In Sound Mind screenshot

(Image credit: We Create Stuff)

In Sound Mind’s stealth mechanic isn't great, either. It essentially boils down to hiding behind a box and walking around an enemy. It’s simplistic, repetitive and almost totally superfluous. To make matters worse, in most situations, stealth is almost impossible to use. Enemies frequently appear out of nowhere, or sit hiding behind objects. You’ll usually run straight into them before stealth is even an option. Similarly, you must regularly destroy environmental hazards to open new map areas, which immediately alerts any enemies in the vicinity. The poor implementation of stealth is a missed opportunity, as other titles in the genre, such as Alien: Isolation, have proven how well it can heighten a sense of fear and tension.

In Sound Mind screenshot

(Image credit: We Create Stuff)

Stealth also epitomizes one of In Sound Mind’s most annoying traits: the introduction and then immediate abandoning of mechanics. Crafting is another example. Early on, you must find components around the apartment block to build your first gun, which feels like an accomplishment. Your next gun, though, you'll simply pick up in a room. The game essentially drops crafting neglecting any further chances for the mechanic to shine.

Then there’s the perks system. Through "exploration" (read: poking around in the grass), you can level up Desmond’s stamina, health and so on. In light of the previous systems, the perks mechanic gets some credit for actually persisting throughout the entire game. However, there's no discernible change in difficulty when using perks, rendering them pointless.

In Sound Mind screenshot

(Image credit: We Create Stuff)

Fortunately, there are a few gameplay elements that In Sound Mind does well, and these help make up for its shortcomings. Bosses, for example, are an antidote to the dull, cookie-cutter combat. Boss fights usually eschew gunplay, requiring other tools instead. You tackle one boss using mirrors, for example, and another with floodlights. In one scenario, you must fight a lightbulb by using a flare gun; in the next, you must dodge a bull skull on wheels. These scenarios provide some much-needed variety.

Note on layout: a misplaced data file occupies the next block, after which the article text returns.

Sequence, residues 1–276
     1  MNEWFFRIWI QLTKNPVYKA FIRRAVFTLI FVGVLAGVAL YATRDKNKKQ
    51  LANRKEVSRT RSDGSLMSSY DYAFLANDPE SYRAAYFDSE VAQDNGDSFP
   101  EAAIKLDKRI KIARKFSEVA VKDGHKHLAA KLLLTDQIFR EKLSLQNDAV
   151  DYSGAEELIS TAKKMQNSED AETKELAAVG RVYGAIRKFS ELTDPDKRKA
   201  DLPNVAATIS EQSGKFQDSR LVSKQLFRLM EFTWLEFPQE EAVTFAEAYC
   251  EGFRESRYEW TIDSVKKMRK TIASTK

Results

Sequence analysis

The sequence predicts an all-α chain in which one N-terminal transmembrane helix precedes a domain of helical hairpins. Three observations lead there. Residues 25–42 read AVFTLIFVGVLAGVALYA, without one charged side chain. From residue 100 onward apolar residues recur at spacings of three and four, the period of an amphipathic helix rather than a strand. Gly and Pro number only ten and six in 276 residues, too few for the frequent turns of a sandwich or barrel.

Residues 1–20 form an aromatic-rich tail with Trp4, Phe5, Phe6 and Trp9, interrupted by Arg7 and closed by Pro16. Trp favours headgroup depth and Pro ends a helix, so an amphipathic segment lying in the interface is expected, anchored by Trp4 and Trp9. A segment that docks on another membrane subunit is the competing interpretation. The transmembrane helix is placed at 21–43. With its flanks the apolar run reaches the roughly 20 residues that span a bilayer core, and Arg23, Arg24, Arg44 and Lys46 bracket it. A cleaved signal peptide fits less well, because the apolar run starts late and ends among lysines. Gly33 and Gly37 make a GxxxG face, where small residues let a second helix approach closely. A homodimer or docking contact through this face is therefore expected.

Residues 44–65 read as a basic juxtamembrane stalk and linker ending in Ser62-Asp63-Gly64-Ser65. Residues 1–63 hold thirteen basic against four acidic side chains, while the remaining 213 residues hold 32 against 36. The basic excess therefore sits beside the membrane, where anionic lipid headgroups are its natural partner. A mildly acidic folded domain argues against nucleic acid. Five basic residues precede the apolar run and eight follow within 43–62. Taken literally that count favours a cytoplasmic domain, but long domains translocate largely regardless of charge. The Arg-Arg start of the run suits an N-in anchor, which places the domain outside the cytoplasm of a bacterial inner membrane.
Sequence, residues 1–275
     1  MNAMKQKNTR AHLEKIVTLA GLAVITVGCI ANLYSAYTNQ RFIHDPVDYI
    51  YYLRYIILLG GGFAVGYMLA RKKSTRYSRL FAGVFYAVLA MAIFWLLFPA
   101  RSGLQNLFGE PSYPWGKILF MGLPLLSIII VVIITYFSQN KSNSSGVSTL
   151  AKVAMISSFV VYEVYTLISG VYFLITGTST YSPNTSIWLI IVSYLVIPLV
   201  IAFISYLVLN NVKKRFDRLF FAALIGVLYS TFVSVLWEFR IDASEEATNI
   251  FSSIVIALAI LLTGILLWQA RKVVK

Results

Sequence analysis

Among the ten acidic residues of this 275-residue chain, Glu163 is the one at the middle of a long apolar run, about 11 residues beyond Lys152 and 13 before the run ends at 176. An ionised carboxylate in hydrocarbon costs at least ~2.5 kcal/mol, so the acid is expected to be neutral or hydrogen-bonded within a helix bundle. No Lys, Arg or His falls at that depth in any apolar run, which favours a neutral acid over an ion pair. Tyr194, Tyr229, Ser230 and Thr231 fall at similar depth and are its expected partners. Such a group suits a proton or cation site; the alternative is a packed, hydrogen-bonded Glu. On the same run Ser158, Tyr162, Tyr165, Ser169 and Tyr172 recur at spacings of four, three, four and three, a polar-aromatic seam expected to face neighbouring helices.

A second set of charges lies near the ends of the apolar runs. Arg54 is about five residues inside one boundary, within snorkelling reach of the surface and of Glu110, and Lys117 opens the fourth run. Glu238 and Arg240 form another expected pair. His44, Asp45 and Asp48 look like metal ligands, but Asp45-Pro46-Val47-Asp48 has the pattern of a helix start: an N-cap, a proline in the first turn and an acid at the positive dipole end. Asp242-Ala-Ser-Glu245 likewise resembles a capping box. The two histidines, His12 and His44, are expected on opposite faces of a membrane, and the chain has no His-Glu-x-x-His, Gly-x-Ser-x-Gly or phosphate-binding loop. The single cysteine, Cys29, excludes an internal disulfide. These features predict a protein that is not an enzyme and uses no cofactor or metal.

There are also puzzles, which are hit-or-miss. Many are too easy, simply requiring you to run around a bit and look at something from a different angle. Other tasks are tedious and repetitive, such as one that involves running back and forth between fuse boxes and opening them one screw at a time. On balance, though, there are just enough enjoyable and demanding puzzles to present a challenge and give a sense of achievement when you figure them out.

In Sound Mind review: Story

In Sound Mind excels in its storytelling. The plot is complex and well-thought-out, intertwining a high-level government conspiracy with tragic individual stories incorporating suicide, body dysmorphia, personality disorders and domestic abuse. The game gives nothing away too early, controlling the pace through its structured chapters.

Nevertheless, In Sound Mind doesn’t scrimp on throwing you just enough clues to keep you constantly guessing (and second-guessing). You'll find notes left on the ground with redacted words. You can read files about each of Desmond’s patients and extrapolate about what’s going on. There’s a cat who talks to you about the plot as a sort of muse. The whole experience feels absorbing.

In Sound Mind screenshot

(Image credit: We Create Stuff)